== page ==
... an image of the pelican is found in the painted border above Fra Angelico’s frescoed Crucifixion in the chapter house of the Dominican Monastery San Marco in Florence.
Page 200: Santa Croce refectory pelican
Across town in the refectory of the Franciscan church of Santa Croce, the pelican has built her nest on top of the cross itself.
Page 200: Santa Croce sacristy pelican
The same image is found in the border above the Crucifixion in the sacristy. And in the border immediately below the cross? A small image of the Sacrifice of Isaac.
Page 211: Dominican friars in the frescoes illustrating postures of prayer
Tropological devotion in these scenes is highlighted even further by the regular inclusion of a Dominican friar meditating inside the scene itself as a sort of model for the friar in the cell. (William Hood is the chief scholar who has shown that this corridor of the dormitory was occupied by the novice friars, and that the gestures of the Dominican friars painted below the crucifix illustrate the positions of prayer in a treatise of prayer attributed to Saint Dominic.)
Page 211: Another posture of prayer modeled by the friar in the painting
Page 211: Another posture of meditation and prayer
Page 211-212: Cosimo de Medici's cell with fresco of the Adoration of the Magi
Frescoed on the wall of the inner room is the Adoration of the Magi, set in a simple rugged desert landscape, a scene in stark contrast with the exotic countryside frescoed on the walls of the family chapel in their palazzo down the street, where the Magi, splendidly dressed and accompanied by an enormous entourage, process ceremonially around the walls.
Page 212: The anteroom to Cosimo's cell in Monastery San Marco
Except that the painter Fra Angelico has made a name-change in the gold halos. Instead of “John,” the writing around the halo of the beloved disciple is “Cosmas,” Cosimo.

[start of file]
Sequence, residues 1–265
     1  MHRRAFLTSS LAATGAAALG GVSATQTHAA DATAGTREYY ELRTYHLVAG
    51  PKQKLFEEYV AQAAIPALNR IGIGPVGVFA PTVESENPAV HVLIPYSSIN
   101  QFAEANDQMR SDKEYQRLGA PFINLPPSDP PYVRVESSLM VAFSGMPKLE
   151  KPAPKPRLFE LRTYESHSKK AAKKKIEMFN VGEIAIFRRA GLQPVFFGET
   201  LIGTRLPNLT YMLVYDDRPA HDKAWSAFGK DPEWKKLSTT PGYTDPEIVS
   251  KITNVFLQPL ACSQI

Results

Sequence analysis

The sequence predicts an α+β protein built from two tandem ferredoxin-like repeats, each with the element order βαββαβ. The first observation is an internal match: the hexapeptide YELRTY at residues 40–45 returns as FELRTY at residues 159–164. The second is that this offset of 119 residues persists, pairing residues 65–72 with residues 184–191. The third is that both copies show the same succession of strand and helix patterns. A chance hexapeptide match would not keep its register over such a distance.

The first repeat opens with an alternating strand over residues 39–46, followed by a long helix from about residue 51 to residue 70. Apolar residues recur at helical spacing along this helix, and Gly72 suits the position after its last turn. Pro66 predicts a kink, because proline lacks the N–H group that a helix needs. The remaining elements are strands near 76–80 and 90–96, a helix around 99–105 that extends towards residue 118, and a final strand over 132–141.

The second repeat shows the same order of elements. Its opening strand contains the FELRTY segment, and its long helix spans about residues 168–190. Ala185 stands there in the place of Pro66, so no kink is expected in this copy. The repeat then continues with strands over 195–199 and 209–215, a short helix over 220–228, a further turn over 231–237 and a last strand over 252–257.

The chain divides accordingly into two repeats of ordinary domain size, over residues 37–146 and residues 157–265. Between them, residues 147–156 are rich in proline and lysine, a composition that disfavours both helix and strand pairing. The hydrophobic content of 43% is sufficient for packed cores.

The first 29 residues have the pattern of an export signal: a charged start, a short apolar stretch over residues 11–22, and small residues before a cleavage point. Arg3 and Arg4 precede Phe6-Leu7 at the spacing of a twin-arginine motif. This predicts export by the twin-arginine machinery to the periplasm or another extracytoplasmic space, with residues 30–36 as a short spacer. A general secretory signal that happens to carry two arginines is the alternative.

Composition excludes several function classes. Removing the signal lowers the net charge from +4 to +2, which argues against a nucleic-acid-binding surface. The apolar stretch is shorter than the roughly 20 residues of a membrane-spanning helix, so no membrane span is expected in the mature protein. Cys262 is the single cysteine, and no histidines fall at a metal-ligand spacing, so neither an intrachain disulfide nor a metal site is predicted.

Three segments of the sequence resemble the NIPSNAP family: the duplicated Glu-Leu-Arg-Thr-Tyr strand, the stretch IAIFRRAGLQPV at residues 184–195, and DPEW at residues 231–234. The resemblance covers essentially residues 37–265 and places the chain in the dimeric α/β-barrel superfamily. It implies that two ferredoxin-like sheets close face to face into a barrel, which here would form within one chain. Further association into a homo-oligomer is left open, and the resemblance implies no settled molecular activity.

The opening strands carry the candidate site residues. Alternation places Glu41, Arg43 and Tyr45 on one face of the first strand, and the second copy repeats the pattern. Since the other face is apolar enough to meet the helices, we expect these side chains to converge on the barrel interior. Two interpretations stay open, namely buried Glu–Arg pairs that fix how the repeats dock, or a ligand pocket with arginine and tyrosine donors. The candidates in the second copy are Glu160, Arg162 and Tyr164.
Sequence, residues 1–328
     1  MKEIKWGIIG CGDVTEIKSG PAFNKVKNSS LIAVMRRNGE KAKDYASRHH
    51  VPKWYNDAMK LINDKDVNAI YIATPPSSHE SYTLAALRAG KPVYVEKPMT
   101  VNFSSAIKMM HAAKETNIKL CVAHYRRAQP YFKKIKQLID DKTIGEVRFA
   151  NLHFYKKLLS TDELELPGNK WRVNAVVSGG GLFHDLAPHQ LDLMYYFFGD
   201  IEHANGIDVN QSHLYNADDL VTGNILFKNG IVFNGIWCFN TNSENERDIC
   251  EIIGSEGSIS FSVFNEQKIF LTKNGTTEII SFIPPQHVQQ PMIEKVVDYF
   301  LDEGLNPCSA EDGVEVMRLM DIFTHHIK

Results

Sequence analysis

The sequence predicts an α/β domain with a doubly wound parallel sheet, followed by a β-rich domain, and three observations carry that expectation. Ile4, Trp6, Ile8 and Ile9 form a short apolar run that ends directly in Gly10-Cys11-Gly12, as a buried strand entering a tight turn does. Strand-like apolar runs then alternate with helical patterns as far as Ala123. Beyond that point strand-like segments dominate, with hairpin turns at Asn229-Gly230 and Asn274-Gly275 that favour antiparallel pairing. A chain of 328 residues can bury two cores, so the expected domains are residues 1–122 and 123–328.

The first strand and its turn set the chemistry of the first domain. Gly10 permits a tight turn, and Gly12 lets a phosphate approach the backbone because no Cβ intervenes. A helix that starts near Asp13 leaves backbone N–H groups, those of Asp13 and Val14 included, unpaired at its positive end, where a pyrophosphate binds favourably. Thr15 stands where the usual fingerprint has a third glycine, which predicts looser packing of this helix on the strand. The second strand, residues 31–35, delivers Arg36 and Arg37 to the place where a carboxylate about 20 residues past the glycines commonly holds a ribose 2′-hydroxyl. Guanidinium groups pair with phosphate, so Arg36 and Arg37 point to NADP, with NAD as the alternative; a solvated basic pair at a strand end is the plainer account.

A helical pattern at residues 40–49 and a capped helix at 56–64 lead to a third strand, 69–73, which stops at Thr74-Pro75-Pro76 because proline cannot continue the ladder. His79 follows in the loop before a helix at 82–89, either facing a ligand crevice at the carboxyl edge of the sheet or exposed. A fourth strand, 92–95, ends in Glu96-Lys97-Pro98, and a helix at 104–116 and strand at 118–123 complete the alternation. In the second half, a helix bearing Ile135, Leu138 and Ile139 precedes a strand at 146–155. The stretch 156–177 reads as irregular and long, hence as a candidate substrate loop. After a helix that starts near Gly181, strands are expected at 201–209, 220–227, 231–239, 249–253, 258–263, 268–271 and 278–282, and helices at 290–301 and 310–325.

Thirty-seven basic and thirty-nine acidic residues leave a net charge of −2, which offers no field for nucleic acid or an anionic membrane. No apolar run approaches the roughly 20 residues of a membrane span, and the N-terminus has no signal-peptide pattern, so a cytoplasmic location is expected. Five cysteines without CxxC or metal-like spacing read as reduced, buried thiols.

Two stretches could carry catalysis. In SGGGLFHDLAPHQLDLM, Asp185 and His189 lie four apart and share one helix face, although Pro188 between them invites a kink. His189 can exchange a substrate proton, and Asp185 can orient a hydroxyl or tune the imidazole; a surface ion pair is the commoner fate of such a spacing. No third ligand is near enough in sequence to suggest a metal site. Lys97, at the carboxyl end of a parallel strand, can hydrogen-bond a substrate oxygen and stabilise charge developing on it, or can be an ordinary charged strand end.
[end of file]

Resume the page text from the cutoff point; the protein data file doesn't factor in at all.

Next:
Page 212: Legend of the Holy Cross, scene of the Finding of the Cross (Piero della Francesca)
In the scene from the Legend of the Holy Cross where Empress Helena watches as the three crosses are dug up, the city depicted by Piero della Francesca in the background must be identified (in the story) as Jerusalem—but it clearly represents contemporary Arezzo
Page 215: Scene of the Approval of the Rule, Sassetti Chapel (Ghirlandaio)
No one could not have noticed the presence of Mr. Sassetti’s boss and patron, Lorenzo de Medici, standing at Sassetti’s side in the scene of the Approval of the Rule of St. Francis, or, even more visually peculiar, the presence of the sons of Lorenzo ascending a staircase with their tutor Angelo Poliziano in the very foreground.
Page 215: Healing of the lame man and Raising of Tabitha, Brancacci Chapel (Masaccio)
Another possibility is to understand this painting—or Masaccio’s painting of the two well-dressed men strolling between the healed crippled man and the resurrected cloth maker—as a sort of moral litmus test for anyone looking at it.
Page 217: Façade of the cathedral of Siena, the Crowning of the Virgin (in mosaic)
The mosaic scene in the highest pinnacle of the façade of the Duomo in Siena depicts the Coronation of the Virgin.
Page 217: Façade of the cathedral in Orvieto, the Crowning of the Virgin (mosaic)
In the Orvieto Duomo, also dedicated to the Virgin, the same upward movement towards Mary’s Crowning is exhibited in both the mosaics on the façade and in the fresco cycle in the apse behind the altar.
Page 217: Scenes from the life of Mary in the cathedral of Orvieto
The scenes on the East wall, directly behind the altar, present in upward movement the Angel announcing to Mary her impending death; the death of Mary; the apostles taking the Virgin to her sepulcher; Christ awakening Mary and taking her to heaven; Mary elevated to heaven in the presence of the disciples; the Assumption of Mary under the central arch, and her Coronation in the vaulting above.
Page 218: Ceiling in the Baptistry of Florence (mosaic)
The narratives-in-mosaic in the ceiling of the Florence Baptistry—stories from Genesis, of Joseph in Egypt, of the life of Christ—revolve around the focal point of the Last Judgment high above the altar on the East side.
Page 218: Last Judgment in the Baptistry of Florence
The narratives-in-mosaic in the ceiling of the Florence Baptistry ... revolve around the focal point of the Last Judgment high above the altar on the East side.
Page 218: Last Judgment on the façade of the Orvieto Duomo
The grand narrative of salvation that stretches from left to right across the four panels on the façade of the Orvieto Duomo begins with the Creation and Fall. The second and third panels, framing the central portal, present the prophecies of a coming Messiah and the life of that Incarnate One from the Annunciation of his birth to his Resurrection. The fourth panel concludes the story with the Last Judgment.